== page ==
A Quick Guide Of Things You Need When Moving Out For The First Year of University.

Obviously, everything I am going to mention here isn’t going to be applicable for everyone. There’s a good possibility that I might forget some things. Add and subtract from the list as you desire.

Bedroom and study:

  • Duvet
  • Duvet cover
  • Bedsheets – multiple, particularly if you get heavy periods. Sometimes you won’t have time to wash sheets.
  • Pillows
  • Flipflops/sandals – your floor is going to get disgusting.
  • Table lamp – one of my coursemates’ room had seriously poor lighting. Needless to say, having a lamp helped.
  • Laptop – invest in a good one. You’re going to need access to a computer every step of the way.
  • Extension cable.
  • Folders – trust me, it will help you organise your things so much better. As for general stationeries, it depends on you as an individual.
  • A sturdy, medium sized lightweight luggage – investing in a good one is worth the price.

Kitchen: this is more useful for someone moving into a studio.

  • Toaster/toastie maker (unless provided by the accommodation) – for the love of anything at all, if you are like me and know cooking is something that will take time for you to learn, get a toaster/toastie maker. Chances are you’re not going to have time to make fancy meals and opting for homemade sandwiches will help you save money.
  • knife
  • Chopping board
  • Small, medium and large plates – one of my friends (her parents) bought an expensive dinner set to university and broke almost all of them. Students just don’t throw dinner parties, it’s just not gonna happen. I, for one, don’t have a supply of easy money and have to save as much as possible. If you want to save money, just bring some cheap plates that you are going to throw away eventually.
  • 2 x bowls
  • Mixing bowl
  • Glasses and mugs – bring a few, 4 should suffice. Once again, no one’s throwing dinner parties in university. Shot and wine glasses on the other hand are a different story. I don’t drink, not a good idea for me to advice one on that.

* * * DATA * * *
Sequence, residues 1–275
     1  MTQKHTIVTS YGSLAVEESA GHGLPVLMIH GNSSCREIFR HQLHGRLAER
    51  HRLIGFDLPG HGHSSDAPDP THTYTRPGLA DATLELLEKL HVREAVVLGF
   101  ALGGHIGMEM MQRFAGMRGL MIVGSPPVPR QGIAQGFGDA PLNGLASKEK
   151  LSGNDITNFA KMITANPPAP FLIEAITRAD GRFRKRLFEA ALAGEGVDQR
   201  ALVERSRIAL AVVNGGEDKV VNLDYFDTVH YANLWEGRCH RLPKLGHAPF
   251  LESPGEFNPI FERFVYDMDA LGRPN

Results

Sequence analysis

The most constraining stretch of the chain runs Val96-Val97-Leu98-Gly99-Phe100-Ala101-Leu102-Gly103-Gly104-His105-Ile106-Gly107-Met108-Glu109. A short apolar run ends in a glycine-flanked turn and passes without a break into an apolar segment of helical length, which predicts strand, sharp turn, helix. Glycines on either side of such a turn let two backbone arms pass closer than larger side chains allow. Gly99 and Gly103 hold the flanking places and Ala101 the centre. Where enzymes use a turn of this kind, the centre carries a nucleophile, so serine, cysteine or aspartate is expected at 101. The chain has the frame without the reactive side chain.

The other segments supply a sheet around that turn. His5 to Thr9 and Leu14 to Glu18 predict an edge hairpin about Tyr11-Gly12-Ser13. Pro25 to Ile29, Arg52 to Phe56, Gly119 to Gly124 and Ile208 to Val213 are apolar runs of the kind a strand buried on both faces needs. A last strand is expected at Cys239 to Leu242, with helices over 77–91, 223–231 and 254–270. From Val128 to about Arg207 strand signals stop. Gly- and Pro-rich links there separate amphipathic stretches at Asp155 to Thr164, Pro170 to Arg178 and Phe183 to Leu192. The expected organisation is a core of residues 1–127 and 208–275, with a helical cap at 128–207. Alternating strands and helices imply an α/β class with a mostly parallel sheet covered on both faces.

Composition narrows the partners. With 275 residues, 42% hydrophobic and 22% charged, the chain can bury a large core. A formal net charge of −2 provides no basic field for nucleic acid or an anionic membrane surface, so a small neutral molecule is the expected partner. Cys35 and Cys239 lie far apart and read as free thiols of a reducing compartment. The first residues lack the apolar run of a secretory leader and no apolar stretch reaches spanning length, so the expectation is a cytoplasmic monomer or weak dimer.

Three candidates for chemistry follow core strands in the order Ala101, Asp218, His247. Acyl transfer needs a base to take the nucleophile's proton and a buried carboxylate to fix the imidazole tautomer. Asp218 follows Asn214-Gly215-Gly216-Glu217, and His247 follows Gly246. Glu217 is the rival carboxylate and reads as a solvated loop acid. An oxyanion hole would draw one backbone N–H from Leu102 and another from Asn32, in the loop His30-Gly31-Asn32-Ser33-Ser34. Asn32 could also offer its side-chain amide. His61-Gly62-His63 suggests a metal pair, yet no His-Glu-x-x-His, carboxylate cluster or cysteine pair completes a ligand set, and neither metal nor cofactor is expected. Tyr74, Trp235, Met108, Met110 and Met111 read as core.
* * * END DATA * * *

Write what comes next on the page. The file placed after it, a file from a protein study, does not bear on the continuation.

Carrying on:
• Cutlery – a set containing 4 pieces of each type will do fine.
  • A few containers to store food in. If you are particularly broke, head over to poundland and get a set of 8 microwavable plastic containers. They are surprisingly handy.
  • Tea towels – wash and reuse to save money on kitchen towels. I just recently realised how much I spent on these. You do need kitchen towels but it’ll help reduce a lot of waste to have something reusable as well.
  • Frying pan
  • Sauce pans – small and large.
  • Wooden/plastic utensils – for cooking.
  • Tin can opener
  • Baking tray – may not be necessary, my oven came with one.
  • Colander – pasta is going to save your life. It’s also useful for washing fruits and vegetables.
  • Dish rack – organising made easier.
  • Kitchen scale – a small kitchen scale is incredibly useful, especially if you are awful at measuring things like me. Helps make my food a little more edible. Bonus, helps to keep track of portion size and calorie intake.


  • Toilet brush with holder
  • Small bin – you can thank me later.
  • Toothbrush holder
  • Soap dish
  • Plasters, paracetamol etc.
  • At least 4 hand towels, 4 face towels and 2 bath towels.
  • Lots of underwear.
  • Shower necessities e.g. back brush, sponge etc.

Good hygiene is everything.

Now that the essentials are done, here are some other stuff:

  • Fairy lights – are you even a student if you don’t have a set of fairy lights in your room? They can also create a nice relaxing atmosphere.
  • Good pyjamas, dressing gowns and hoodies – if you are a headscarf wearer, hoodies will save your life.
  • Diffusers – because some accommodations have very sensitive fire alarms.